Browsing by Subject "NORDIC COUNTRIES"

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  • Moustgaard, Heta; Joutsenniemi, Kaisla; Myrskyla, Mikko; Martikainen, Pekka (2014)
  • Kriikku, Pirkko; Hakkinen, Margareeta; Ojanpera, Ilkka (2018)
    Sublingual buprenorphine is used in opioid maintenance treatment but buprenorphine is also widely abused and causes fatal poisonings. The aim of this study was to investigate buprenorphine-positive fatalities in order to gain novel information on the magnitude and nature of buprenorphine abuse. All post-mortem toxicology cases positive for urinary buprenorphine, including fatal poisonings caused by buprenorphine and fatalities in which the cause of death was unrelated to buprenorphine, in the five year period of 2010-2014 in Finland were characterized according to urine buprenorphine and naloxone concentrations (n = 775). Urine concentrations were used to assess which buprenorphine preparation had been used; mono-buprenorphine or a buprenorphine-naloxone combination, and whether they had been administered parenterally. In at least 28.8% of the buprenorphine-positive cases the drug had been administered parenterally. The majority of the parenteral users (68.6%) had taken mono-buprenorphine. Fatal poisoning was significantly more common among the identified parenteral users (65.5%) than among other users of buprenorphine products (45.3%). The proportion of buprenorphine-related poisoning was similar in identified parenteral users of mono-buprenorphine (68.6%) and buprenorphine-naloxone (64.1%). In nearly all of the fatal poisoningss the deceased had used other drugs and/or alcohol along with buprenorphine (98.7%). The median age of the deceased increased significantly over the study period, from 32 to 38 years. Our results show that there is ongoing parenteral abuse of both mono-buprenorphine and buprenorphine-naloxone combination. Parenteral users of buprenorphine put themselves into a great risk of fatal poisoning or other accidental injury death which is further exacerbated by the frequent polydrug use. (c) 2018 Elsevier B.V. All rights reserved.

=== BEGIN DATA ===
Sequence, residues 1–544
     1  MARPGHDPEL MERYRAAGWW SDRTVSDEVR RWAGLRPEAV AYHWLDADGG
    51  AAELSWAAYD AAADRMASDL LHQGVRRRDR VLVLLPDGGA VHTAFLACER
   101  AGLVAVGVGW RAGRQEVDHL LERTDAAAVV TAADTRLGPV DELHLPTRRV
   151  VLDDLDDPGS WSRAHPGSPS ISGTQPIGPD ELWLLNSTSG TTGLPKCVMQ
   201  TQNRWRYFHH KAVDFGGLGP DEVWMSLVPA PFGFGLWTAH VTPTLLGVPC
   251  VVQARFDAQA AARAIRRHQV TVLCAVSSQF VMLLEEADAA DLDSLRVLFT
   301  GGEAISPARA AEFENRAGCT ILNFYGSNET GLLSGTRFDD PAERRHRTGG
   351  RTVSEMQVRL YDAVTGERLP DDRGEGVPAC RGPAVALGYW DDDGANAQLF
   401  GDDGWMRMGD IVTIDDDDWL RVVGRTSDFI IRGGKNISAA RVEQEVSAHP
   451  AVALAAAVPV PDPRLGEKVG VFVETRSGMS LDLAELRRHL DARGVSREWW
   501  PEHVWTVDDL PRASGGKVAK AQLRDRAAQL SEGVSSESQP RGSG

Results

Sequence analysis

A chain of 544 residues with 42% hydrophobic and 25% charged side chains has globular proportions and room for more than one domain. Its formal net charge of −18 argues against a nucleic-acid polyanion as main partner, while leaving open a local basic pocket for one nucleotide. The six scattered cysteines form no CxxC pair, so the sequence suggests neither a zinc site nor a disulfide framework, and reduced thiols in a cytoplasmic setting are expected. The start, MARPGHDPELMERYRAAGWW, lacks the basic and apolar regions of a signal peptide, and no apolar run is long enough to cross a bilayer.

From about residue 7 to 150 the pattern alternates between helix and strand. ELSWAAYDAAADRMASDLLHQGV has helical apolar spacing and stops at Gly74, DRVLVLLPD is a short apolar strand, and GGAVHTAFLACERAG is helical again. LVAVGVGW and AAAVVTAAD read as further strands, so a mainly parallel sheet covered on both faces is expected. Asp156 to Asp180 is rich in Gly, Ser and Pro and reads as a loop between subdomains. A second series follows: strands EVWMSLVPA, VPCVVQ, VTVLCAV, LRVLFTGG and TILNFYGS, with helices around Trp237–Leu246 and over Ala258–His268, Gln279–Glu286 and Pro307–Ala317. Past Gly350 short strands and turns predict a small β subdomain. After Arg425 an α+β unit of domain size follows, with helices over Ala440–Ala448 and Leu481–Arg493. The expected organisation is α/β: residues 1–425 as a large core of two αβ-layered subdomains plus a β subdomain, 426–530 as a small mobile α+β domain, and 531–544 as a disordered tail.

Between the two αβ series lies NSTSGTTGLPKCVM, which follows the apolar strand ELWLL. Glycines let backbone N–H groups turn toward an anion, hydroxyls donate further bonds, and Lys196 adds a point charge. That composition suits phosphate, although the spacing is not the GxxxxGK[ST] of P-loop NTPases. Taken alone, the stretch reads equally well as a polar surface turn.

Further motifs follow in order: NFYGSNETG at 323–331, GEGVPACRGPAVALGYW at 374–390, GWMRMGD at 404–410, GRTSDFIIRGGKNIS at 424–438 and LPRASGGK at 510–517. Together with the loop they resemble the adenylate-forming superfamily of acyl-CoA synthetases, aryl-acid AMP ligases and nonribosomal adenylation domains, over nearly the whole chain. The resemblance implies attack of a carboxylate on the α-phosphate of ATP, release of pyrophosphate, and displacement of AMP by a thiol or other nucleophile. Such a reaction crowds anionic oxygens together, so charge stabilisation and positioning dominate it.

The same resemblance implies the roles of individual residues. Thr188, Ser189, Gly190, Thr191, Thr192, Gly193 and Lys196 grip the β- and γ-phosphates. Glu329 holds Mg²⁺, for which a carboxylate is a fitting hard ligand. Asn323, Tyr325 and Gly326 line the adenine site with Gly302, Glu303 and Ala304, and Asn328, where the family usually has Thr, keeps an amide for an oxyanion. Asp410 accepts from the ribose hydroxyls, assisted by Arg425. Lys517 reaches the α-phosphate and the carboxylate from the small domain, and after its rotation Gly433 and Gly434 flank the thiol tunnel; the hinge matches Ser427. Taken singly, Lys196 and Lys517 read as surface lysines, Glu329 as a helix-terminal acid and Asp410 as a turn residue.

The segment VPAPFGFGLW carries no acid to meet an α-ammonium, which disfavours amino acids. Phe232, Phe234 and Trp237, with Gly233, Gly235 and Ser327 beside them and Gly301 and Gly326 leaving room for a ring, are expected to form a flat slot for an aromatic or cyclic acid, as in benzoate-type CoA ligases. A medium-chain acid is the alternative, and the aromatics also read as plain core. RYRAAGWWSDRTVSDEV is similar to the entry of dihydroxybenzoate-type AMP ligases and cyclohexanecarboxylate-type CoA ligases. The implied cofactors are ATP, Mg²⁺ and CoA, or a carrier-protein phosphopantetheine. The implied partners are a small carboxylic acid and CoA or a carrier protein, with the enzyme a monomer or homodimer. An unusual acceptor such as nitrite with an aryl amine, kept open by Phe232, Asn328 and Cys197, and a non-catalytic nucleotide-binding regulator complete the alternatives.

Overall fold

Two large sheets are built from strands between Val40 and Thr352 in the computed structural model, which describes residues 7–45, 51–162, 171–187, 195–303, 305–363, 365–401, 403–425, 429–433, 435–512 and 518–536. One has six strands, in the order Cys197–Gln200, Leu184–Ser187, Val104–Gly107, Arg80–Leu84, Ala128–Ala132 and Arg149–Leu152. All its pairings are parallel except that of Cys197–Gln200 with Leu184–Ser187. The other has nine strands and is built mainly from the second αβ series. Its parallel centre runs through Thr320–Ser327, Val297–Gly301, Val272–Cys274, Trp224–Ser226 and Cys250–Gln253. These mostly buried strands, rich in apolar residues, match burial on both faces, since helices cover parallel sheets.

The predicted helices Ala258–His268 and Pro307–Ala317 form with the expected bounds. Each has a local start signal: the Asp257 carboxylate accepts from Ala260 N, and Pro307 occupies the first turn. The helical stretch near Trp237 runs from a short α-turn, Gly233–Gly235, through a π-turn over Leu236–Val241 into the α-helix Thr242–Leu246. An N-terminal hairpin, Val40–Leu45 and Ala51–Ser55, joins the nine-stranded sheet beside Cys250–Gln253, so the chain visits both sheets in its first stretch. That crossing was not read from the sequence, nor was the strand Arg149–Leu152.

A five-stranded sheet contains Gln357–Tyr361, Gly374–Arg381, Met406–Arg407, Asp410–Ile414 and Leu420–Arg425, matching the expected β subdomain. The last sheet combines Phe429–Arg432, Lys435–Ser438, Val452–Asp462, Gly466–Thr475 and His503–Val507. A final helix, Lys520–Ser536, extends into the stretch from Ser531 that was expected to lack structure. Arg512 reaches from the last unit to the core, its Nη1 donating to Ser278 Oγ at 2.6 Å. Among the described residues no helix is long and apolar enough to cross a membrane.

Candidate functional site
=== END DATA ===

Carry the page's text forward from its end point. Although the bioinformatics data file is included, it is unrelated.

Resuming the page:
• Koskinen, Anni I.; Hemminki, Otto; Försti, Asta; Hemminki, Kari (2022)
    Background Cancers of the oral cavity and pharynx encompass a heterogeneous group of cancers for which known risk factors include smoking, alcohol consumption and human papilloma virus (HPV) infection but their influence is site-specific with HPV mainly influencing oropharyngeal cancer. Their incidence and survival rates are not well known over extended periods of time. Patients/methods Data were obtained for Finnish (FI) and Swedish (SE) patients from the Nordcan database recently updated through 2019. Age-adjusted incidence trends (FI from 1953, SE from 1960) and relative survival rates for years 1970 through 2019 were calculated. Results We observed a prominent increase in oral and oropharyngeal cancers in FI and SE men and women but the trend for oral cancer was interrupted for SE men in 1985 and possibly also for FI and SE women in 2015. The trend changes in male and female oral cancer was confirmed in data for Denmark and Norway. Relative survival for these cancers has improved overall but they differed for one cluster of oral, oropharyngeal and nasopharyngeal cancers with 60-70% 5-year survival in the last period and hypopharyngeal cancer with 25% male survival. In all these cancers, survival for old patients was unfavorable. Discussion/conclusion We hypothesize that reduction in smoking prevalence helped to stop the increase in oral cancer especially in men. As the prevalence of smoking is decreasing, HPV is becoming a dominant risk factor, particularly for the increasing oropharyngeal cancer. Prevention needs to emphasize sexual hygiene and HPV vaccination.
  • Hemminki, Kari; Försti, Asta; Hemminki, Akseli; Ljungberg, Börje; Hemminki, Otto (2021)
    Global survival studies have shown favorable development in renal cell carcinoma (RCC) treatment but few studies have considered extended periods or covered populations for which medical care is essentially free of charge. We analyzed RCC survival in Finland and Sweden over a 50-year period (1967-2016) using data from the NORDCAN database provided by the local cancer registries. While the health care systems are largely similar in the two countries, the economic resources have been stronger in Sweden. In addition to the standard 1- and 5-year relative survival rates, we calculated the difference between these as a measure of how well survival was maintained between years 1 and 5. Relative 1- year survival rates increased almost linearly in both countries and reached 90% in Sweden and 80% in Finland. Although 5-year survival also developed favorably the difference between 1- and 5-year survival rates did not improve in Sweden suggesting that the gains in 5-year survival were entirely due to gains in 1-year survival. In Finland there was a gain in survival between years 1 and 5, but the gain in 1-years survival was the main contributor to the favorable 5-year survival. Age group specific analysis showed large survival differences, particularly among women. Towards the end of the follow-up period the differences narrowed but the disadvantage of the old patients remained in 5-year survival. The limitations of the study were lack of information on performed treatment and clinical stage in the NORDCAN database. In conclusion, the available data suggest that earlier diagnosis and surgical treatment of RCC have been the main driver of the favorable change in survival during the past 50 years. The main challenges are to reduce the age-specific survival gaps, particularly among women, and push survival gains past year 1.